Saturday, November 9, 2013

Should I Stay or Should I Go?

     I think I've adjusted pretty well to life as a North Carolinian; I mean, I'm not making road trips back to Missouri once a month like I did when I first moved here or holing up in the house with endless episodes of Buffy the Vampire Slayer and a supply of Krispy Kremes to distract myself from the homesickness. So that's progress. Seriously, though, I'm getting to a point that I initially couldn't imagine ever reaching and that's a place where I know my heart's going to fracture if I end up leaving here and heading back across the Mississippi. The possibility of doing exactly that has come up in conversation with my husband, more than once. I mean, if we ever do get to start a family, I don't know if I can do that without being able to take her ('cause when we talk about it, she's always a she) to the places that I consider home, my roots. That's not the only reason we'd consider going back to the midwest, though - there's also the tiny matter of my husband's healthcare choices and the options available to him.

     The ridiculousness that was our July this past summer made us both really pause and reflect on what kind of healthcare my husband could really expect here in Charlotte. See, Marfan's Syndrome is considered a rare genetic disorder and as such, it's one that not many ER doctors have much familiarity with, if they have any at all. That's absolutely not a dig at the healthcare systems that we have to choose from in Charlotte; it's just a fact. There's nowhere in this city that we can go when Marfan's-related weirdness pops up and we need specialized help.

     When we were struggling through this summer, with my husband being hospitalized for days at a time and no answers available to us, readily or otherwise, I started looking for help elsewhere. I started at Durham, with Duke University Hospital, because that's where my husband's cardiologist suggested we look for a new specialist when the decision was made to move out here. I knew Duke was no joke when it came to hospitals and research, as they're obviously attached to a big-damn-deal university, but I didn't realize they actually had a Marfan's clinic; this was a heartening discovery.

     While my husband still hasn't made an appointment to go get his yearly once-over by the doctors who know what monsters they're supposed to be looking for, it's still comforting to know that that resource is within driving distance. I mean, it is if we're not dealing with an acute issue. If it's something like what we experienced this summer, with my husband in and out of the hospital and a seemingly neverending series of doctors from every corner of the medical field testing out different theories of what-the-hell-ever trying to solve the puzzle of what was wrong with him, then yeah, I guess we've got time and specialists aren't all that essential. In a different scenario, though, it could make all the difference.

     Remember when my husband had that mini-stroke (more accurately known as a transient ischemic attack), about eighteen months ago? Okay, well that was one of those times when we needed the doctors who knew him, knew what the hell I was talking about when I told them he had Marfan's, and knew who to call to answer any questions they couldn't. In that particular case, that person was Dr. Alan Braverman, who was not only my husband's cardiologist at the time, but also happens to be the director of the Marfan's clinic at Barnes-Jewish Hospital back home in St. Louis. And that right there is one of the reasons we have to entertain the question, "Should I stay or should I go?"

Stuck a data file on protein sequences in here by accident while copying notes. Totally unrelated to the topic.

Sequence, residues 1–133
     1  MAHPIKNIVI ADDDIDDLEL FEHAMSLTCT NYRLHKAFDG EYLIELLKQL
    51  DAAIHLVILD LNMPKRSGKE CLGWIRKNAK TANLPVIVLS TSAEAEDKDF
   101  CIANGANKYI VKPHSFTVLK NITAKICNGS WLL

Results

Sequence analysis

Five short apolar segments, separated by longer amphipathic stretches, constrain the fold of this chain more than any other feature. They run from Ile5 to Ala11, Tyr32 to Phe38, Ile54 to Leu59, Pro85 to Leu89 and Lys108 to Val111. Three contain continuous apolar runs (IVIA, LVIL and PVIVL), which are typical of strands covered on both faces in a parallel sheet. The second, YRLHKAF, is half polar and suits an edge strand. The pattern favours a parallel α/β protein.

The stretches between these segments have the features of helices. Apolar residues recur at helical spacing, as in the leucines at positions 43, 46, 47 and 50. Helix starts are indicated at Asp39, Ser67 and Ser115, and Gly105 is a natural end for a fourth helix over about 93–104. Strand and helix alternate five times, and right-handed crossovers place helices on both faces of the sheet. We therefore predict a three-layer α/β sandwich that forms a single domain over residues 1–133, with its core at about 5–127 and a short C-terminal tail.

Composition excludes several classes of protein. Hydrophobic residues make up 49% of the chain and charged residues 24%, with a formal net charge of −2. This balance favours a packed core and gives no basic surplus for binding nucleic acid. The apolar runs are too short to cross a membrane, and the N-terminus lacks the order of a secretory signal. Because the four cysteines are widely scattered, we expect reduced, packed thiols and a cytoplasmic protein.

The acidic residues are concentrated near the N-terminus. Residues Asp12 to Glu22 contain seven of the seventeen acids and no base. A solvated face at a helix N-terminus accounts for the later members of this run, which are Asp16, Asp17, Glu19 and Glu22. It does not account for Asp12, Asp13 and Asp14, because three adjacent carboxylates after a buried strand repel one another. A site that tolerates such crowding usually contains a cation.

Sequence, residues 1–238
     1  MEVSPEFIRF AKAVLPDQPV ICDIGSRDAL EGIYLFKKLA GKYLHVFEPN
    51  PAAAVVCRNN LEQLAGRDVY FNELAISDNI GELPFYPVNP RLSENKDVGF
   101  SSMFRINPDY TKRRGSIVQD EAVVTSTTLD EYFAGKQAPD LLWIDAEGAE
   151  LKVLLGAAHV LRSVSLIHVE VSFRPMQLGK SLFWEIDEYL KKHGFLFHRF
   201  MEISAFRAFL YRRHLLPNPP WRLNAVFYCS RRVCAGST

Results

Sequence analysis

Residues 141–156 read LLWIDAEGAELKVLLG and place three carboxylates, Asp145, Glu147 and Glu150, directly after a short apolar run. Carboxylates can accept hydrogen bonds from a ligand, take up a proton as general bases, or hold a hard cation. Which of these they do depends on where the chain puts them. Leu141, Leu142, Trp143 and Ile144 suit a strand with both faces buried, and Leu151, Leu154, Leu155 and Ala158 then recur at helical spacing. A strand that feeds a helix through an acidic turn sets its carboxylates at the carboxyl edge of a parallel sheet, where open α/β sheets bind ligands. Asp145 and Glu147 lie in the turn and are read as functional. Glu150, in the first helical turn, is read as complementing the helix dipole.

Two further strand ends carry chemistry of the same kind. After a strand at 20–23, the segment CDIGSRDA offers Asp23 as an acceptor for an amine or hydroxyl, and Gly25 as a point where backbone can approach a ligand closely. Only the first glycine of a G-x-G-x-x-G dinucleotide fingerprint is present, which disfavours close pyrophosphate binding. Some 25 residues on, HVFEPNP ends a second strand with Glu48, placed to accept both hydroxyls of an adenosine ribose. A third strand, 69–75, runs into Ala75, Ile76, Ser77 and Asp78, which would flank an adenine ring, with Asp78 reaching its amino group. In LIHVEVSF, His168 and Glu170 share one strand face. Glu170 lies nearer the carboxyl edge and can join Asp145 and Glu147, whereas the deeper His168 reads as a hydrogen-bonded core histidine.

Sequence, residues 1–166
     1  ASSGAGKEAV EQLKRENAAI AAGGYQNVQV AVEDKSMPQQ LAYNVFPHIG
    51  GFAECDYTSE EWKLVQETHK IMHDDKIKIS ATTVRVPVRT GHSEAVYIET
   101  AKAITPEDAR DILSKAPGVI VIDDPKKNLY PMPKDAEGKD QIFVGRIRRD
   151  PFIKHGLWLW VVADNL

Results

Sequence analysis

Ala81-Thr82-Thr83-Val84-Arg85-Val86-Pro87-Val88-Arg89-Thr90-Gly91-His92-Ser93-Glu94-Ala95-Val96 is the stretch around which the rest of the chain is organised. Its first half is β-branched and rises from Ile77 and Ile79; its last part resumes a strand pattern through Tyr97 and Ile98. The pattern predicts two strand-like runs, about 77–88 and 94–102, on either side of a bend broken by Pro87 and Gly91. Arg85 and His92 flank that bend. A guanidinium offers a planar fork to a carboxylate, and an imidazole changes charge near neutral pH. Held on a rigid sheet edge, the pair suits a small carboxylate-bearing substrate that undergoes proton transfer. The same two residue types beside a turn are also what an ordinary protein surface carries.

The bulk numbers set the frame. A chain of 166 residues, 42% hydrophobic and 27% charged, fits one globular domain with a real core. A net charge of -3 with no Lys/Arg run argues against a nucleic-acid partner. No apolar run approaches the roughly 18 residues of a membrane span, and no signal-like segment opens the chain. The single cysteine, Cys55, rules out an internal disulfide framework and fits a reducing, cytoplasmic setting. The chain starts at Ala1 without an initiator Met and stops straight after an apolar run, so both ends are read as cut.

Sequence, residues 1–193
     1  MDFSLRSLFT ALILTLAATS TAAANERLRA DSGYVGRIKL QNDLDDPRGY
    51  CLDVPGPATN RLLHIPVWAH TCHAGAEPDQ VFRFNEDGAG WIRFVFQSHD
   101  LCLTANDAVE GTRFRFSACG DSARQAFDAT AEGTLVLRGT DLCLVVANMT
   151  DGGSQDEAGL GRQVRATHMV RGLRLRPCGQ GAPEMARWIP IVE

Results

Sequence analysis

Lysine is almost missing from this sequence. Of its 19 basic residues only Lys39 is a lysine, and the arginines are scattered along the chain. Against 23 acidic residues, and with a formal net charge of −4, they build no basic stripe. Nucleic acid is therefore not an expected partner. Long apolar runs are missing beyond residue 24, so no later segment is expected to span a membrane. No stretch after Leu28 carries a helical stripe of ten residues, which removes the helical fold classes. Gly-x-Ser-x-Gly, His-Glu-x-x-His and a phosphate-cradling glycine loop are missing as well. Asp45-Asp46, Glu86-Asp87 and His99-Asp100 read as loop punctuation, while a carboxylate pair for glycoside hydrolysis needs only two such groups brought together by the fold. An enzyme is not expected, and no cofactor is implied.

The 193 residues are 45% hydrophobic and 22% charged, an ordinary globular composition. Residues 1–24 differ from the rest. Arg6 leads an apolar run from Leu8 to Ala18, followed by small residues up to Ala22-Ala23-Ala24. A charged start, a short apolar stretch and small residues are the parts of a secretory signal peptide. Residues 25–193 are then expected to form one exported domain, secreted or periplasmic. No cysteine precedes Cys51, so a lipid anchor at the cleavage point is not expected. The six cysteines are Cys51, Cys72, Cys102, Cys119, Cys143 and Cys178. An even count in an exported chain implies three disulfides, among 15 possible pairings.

I hate that this is even a thing, because to discuss it like this makes it almost seem like I hold up the healthcare in St. Louis to some unreachable level, when that's not the case at all. (Yeah, the specialists that my husband needs are there, but the ER waiting room at BJC is regularly only slightly short of a nightmare and that's absolutely no fault of the staff's; it's just the way things are sometimes.) It's more a matter of who has what at which location. Follow me? To get the type of specialized care he likely needs (and I phrase it like that because we never know if it's going to turn out to be a semi-routine issue or something no one can identify) if he has another random t.i.a or if he, God help us, shows up with an abdominal aneurysm, I would have to get him to a hospital over two hours from our current home, instead of 15 minutes away, as would be the case were we back in St. Louis. Worst-case, I suppose he could be stabilized at a local hospital and then transported to Durham, but it makes both of us uneasy to know that's our best option if/when the bomb drops.

     Hopefully, this isn't something that's going to have to be addressed anytime in the near future. My mother-in-law and I have talked about it, though, and even she, who rarely misses an opportunity to tell us how happy she is that we're here, that her son is once again within easy-visitation distance, has asked me more than once if I didn't think that maybe we should go back to be closer to his doctors at Barnes. I don't know. I have no idea if he and I are making too much out of this, or if we're just choosing to not see how serious a problem it could potentially be until we're in the thick of it, at which time it's too late to do anything but wait and see what happens. 

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